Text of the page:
What’s been your favorite part of your job so far?
By far, my favorite part is teaching because I like the contact with the students. It never ceases to amaze me how much I still learn from teaching students. Students, especially SJCL students, impress me. Many SJCL students have families and full-time jobs while going through the program, but still get through the program successfully, study for the bar exam, pass, and become attorneys. I have to say, if I had everything on my plate that they have when I was in law school and studying for the bar, I don’t know if I could’ve done it. I’m always so impressed with our students and what they go through to make this career happen.
What’s the most rewarding part of your job?
Student progress, and the opportunity that I have to help, if just a little, in that progress. It’s incredible to see how fast a student can progress right before your eyes and the incredible things they do after they graduate. I didn’t know much about SJCL before I came to Fresno, but when I arrived, I started meeting SJCL grads and learning about the law school’s mission. I fell in love with the student population that we serve, the fact that we’re a nonprofit local law school, and how hard our students work. I feel very lucky to be a part of the SJCL family.
What are some of your hobbies when you’re not working?
I have four children, so my wife and I are always playing and hanging out with them. We also have a new puppy that takes up a lot of my time as well. I love to read, travel, and workout. Also, I’m a drummer in a band. A few people from my neighborhood and I figured out one day that we had all played different instruments at different times in our lives, so we try to get together and play once a week. We’re a cover band and call ourselves “The Band” because we’ve tried a few different names before, but nothing stuck. We cover music from the 50s all the way to current songs, including blues, swing, rock, alternative, and much more.
What advice would you give to someone who wants to go to law school?
They should come to one of our law school forums, talk to us and meet some of our students and staff. They can get in touch with our Admissions Director and come sit in on a class to see what it’s like. It’s also important to talk to people who know about what it takes to go through law school. Chat with attorneys about what they do, what advice they may have and get all the information you possibly can. If you don’t know any attorneys, reach out to me and I’ll set you up with some to talk to.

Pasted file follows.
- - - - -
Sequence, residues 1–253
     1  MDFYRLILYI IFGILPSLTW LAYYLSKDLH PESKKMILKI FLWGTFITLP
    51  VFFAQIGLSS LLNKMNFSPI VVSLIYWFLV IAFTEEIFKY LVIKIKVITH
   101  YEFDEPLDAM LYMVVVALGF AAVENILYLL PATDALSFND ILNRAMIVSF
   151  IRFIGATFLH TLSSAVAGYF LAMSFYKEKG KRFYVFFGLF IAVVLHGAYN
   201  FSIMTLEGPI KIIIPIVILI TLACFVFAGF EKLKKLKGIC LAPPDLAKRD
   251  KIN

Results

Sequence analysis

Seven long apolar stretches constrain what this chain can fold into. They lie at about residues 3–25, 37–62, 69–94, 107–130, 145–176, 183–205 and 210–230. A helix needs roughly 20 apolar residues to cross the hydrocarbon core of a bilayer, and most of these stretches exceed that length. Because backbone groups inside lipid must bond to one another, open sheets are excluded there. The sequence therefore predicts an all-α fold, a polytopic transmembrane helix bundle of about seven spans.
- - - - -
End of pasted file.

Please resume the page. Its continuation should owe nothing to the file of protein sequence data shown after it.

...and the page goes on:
Why are you so passionate about helping people achieve their law school goals?
None of us are where we are because we’ve done everything by ourselves. Whether we recognize it or not, we’ve all had help along the way, including me. I feel like I’m paying it forward when I help our students. It’s selfish too in a sense because I get so much benefit from helping: the more I serve, the happier I am. In my experience, the key to happiness is service and that’s one thing I hope to pass along to law school students.
What’s something that’s unique and makes SJCL stand out from other law schools?
We are a small community, inside and out. Inside, you have direct access to me as a professor and administrator. If you have a question about anything, you can walk right in and talk to any professor or staff member. You can communicate with any of us directly instead of being lost in a class of 100 people, which can feel pretty overwhelming.
On the outside, we’re the only accredited law school school in the Fresno/Clovis area, which means we have a large network of connections. Our students don’t compete for judicial clerkships like students in Los Angeles or San Francisco do because we’re the only game in town. So if you come to SJCL and do well, you’re going to have a lot of good opportunities available because you’re not competing with students from five or six other schools.
We also worry about tuition costs for students because we want to make law school as affordable as possible. We’re an opportunity school, with the goal of giving students a chance to become a lawyer. Those that work hard and dedicate themselves will be successful.